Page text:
Staying Up To Speed–In the last few years, the development of Lean Flow manufacturing processes has improved productivity in all areas of operations. Optimizing efficiency in plant movement and production has also kept Kraft Gardens focused on the future, Alex says.
Poised For Change–The opportunity to be ready to serve the industry when the economy stabilizes is another focus at Kraft Gardens. “If you scale back too thin in tight times without regard to future ramifications, you could miss the opportunity to maximize your rebound efforts coming off a tough year,” he says. “The easy way to stay current with trends is to set them.”
Making Commitments–Being involved with the Florida Nursery, Growers & Landscape Association has always been important to Kraft Gardens. “I’ve served on our local chapter’s board of directors for the past six years, two as chapter president,” Alex says. Currently, he is an FNGLA foliage division leader and serves on the board of directors of the National Foliage Foundation.
Twenty-Five Years From Now–One thing is certain about the future of the industry, Alex says: “It will be heavily influenced by trade agreements with other countries, and whether or not restrictions like Q-37 and other plant import laws are still prevalent.”
Why He’s One To Watch–Alex is very visible in the foliage industry as the outgoing sales manager for Kraft Gardens. Kraft has received awards and recognition for its dedication to quality, service and innovation, specializing in interiorscape and independent retail markets.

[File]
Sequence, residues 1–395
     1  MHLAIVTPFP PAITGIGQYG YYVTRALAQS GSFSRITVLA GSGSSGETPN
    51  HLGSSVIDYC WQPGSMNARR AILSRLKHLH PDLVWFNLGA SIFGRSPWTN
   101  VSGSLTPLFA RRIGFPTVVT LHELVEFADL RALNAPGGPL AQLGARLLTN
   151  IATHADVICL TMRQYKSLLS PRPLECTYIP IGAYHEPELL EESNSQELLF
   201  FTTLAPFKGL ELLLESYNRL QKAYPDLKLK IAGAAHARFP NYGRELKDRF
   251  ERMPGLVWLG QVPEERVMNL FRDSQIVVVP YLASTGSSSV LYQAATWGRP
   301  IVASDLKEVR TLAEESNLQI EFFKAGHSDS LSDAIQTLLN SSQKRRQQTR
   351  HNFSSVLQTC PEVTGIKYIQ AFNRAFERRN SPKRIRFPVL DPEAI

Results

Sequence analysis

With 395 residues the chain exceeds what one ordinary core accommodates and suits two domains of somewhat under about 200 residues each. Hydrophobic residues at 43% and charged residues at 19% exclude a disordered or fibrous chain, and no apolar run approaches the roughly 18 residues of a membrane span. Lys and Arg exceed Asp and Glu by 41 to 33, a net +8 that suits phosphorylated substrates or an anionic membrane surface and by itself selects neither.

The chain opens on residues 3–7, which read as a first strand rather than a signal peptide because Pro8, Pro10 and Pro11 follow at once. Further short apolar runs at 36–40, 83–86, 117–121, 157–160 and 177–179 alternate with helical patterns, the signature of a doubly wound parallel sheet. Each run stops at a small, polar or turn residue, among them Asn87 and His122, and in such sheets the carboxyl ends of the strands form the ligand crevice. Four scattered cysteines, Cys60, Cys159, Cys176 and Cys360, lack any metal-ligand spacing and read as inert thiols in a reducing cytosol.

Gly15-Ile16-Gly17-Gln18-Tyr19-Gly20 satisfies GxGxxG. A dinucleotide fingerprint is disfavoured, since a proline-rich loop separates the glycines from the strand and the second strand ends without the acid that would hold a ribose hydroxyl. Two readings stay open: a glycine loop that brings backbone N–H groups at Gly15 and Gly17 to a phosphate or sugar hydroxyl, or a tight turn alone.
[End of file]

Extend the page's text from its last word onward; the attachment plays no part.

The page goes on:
Charlie Cole, Cole Gardens
Age – 26
His Job–Charlie is general manager at Cole Gardens, the retail location. His job in New Hampshire is to take care of day-to-day operations, marketing and advertising and purchasing trees and shrubs, hardgoods and perennials. The most important part of his job, he says, is customer service. “It is exciting to help customers find solutions to their garden problems or find the perfect plant to finish a garden,” Charlie says.
Learning Early–Growing up, Charlie and his dad, Doug, had discussions about the business and changes in the industry. Charlie got involved with OFA during college because of his dad, and he learned the notion from his dad that “respect is earned and not given,” as well.
Give In To Your Gut–The best advice Charlie has received thus far is to increase prices. “A lot of us are scared to try and squeeze an extra dollar or two from our customers,” he says. “It is only going to get harder to make money. We raised our prices and have not looked back on the decision.”
In The Works–Cole Gardens is in the process of developing a layout for the entire store, focusing on customer flow and better organization of the outdoor departments.
Twenty-Five Years From Now–The term “garden center” will cease to exist. Customers now want to decorate their outdoor areas for entertainment rather than garden, and that means more furniture, garden art, decorative structures and ready-made containers will have to be available. So garden centers will become backyard decorators, in a sense, and that’s why the Cole Gardens store slogan is, “Helping you decorate with living color.”
Why He’s One To Watch–At 26, Charlie isn’t afraid to take risks or try something new in the business. He is involved in two of OFA’s planning committees, and he has played a key role in shaping Cole Gardens into the successful retail operation that it is.